Our first main excursion with Hugo was a brief tour of Toronto. It was a warm day, and we walked the streets to look at a few of the popular sights: Nathan Phillips Square (where the big Toronto sign is) Yonge-Dundas Square (a sort of wannabe Times Square), Union Station and CN Tower, and the Harbourfront district. Although the city was fairly quiet, it was very busy at High Park, a short drive west of the CBD. We managed to find a parking spot and spent the afternoon going for the walk in the huge park. We also visited the free zoo within the park, and enjoyed seeing a few uncommon animals like reindeer and even capybaras!
The main city was nice, but we also enjoyed exploring around Hugo’s place in Richmond Hill, a city within the Greater Toronto Area. He showed us some cool local places, including walking trails and lakes within the “Greenbelt”, a protected area of forest and wetlands. We went for a bike ride around the neighbourhood and even played some three-person basketball and volleyball at the community courts! We also took the opportunity to have winter tires installed for the car at a local mechanic. In Canada, most places have requirements for special tires during the winter months; these winter tires have a wider tread and remain softer at low temperatures, making them better for driving on snow and ice. I cleaned the car of all the dust and dirt from our previous weeks of driving, and with the new tires, she really shined!
On Friday, we had a road trip up to Bruce Peninsula, a popular national park in Ontario. Because of the park’s popularity and covid restrictions, we had to reserve our spots in advance, and we only had a limited time slot to spend there. We departed early in the morning and Hugo drove us the three hours north. We had a brief stop in a cute town at the tip of the peninsula called Tobermory, and had a look at its quaint 1800s lighthouse. The coast around the peninsula was surprisingly rugged, and it was hard to imagine that the water was a lake and not the ocean.
We arrived in our time slot for the national park and walked out to and along the shoreline. Although not the most visually spectacular hike, there was an impressive beauty to the rocky shore and waves crashing against the rocks. We climbed partially down into the Grotto, a popular spot in summer due to the interesting rock formations and patches of calmer water. Hugo also provided an excellent piece of local knowledge, which was exploring a part of the trail further away from the Grotto – we got to practice our rock climbing skills by navigating some interesting pathways in the cliff!
The last excursion we’d planned was to visit Niagara Falls. The name Niagara Falls in fact refers to three waterfalls, but Horseshoe Falls (the iconic waterfall on the US-Canada border) is the stand-out. Spanning 800m and dropping 50m, the volume of water surging over the falls is a majestic sight. It was extremely quiet with the Canadian border closed to non-essential travel, and we were able to get some great views without having to deal with crowds of tourists. We also enjoyed an iconic Canadian “beaver tail” (deep-fried bread with various toppings).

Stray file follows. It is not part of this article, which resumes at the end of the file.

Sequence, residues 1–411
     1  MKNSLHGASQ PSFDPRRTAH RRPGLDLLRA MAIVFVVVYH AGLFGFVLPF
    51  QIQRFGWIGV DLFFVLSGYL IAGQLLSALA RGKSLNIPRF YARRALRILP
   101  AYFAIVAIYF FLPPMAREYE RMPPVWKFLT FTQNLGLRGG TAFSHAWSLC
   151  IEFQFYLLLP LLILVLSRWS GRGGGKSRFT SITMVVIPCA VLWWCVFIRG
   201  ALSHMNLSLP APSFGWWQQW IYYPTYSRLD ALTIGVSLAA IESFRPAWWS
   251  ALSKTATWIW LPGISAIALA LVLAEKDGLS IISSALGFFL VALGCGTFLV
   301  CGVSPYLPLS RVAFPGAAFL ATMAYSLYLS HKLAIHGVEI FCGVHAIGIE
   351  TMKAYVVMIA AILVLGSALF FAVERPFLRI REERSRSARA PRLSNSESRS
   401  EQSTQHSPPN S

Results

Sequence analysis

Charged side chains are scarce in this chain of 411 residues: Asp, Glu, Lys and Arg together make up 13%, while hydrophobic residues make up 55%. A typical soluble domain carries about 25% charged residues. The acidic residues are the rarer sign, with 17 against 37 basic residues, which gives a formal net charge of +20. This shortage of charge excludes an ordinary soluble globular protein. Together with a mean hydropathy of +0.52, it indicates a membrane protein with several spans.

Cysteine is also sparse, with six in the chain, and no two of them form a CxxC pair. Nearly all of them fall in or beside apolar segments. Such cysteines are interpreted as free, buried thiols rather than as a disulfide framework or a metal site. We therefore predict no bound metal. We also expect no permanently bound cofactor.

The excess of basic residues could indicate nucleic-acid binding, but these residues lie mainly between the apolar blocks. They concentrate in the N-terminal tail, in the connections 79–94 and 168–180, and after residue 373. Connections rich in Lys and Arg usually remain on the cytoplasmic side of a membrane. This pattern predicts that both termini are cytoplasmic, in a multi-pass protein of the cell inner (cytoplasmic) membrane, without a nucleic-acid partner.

The Niagara Falls are at an intersting point within the Great Lakes. These Lakes – Superior, Huron, Michigan, Erie, and Ontario – contain 20% of the world’s fresh water and flow all the way to the Atlantic Ocean via the St Lawrence River. The falls is the part of the system that links the four upper lakes, which are all at roughly the same elevation, to Lake Ontario. We had already come to appreciate the size of Lake Superior, having had to drive around it on our way through Ontario, and it was cool to connected body of water so far south. A few weeks later, we ended up visiting the falls again by ourselves, and this time at night. There were changing coloured lights to illuminate the falling water and spray, so the view was just as impressive!
Elevation profile of the Great Lakes (source) We arrived just on dusk The big LED panels that colour the falls Stunning colours on the water The Canadian flag is partially hidden by the mist
Before we went back to Hugo’s, he drove us to the charming town of Niagara-on-the-Lake. The road followed the Niagara River downstream, and it was only 20 minutes from the falls. The town had beautiful brick buildings and decorated shopfronts. We went for a stroll through the town centre, had a picnic lunch in the main park, and visited a coffee shop with many uniquely-flavoured beans for sale.
As our time at Hugo’s drew to a close, we felt thankful to have had such generous friends during our adventures in Canada so far. Many times they had imparted a gift, offered us a place to stay, provided local knowledge, or just shared new experiences with us. One thing we really enjoyed at Hugo’s in particular (besides his tremendous hospitality) was the ability to easily have fun together and to participate in interesting, thoughtful conversations.
We were excited for our upcoming Workaway stays (and all the interesting things we’d come to experience from them…) but we would always have fond memories of our trip across the country.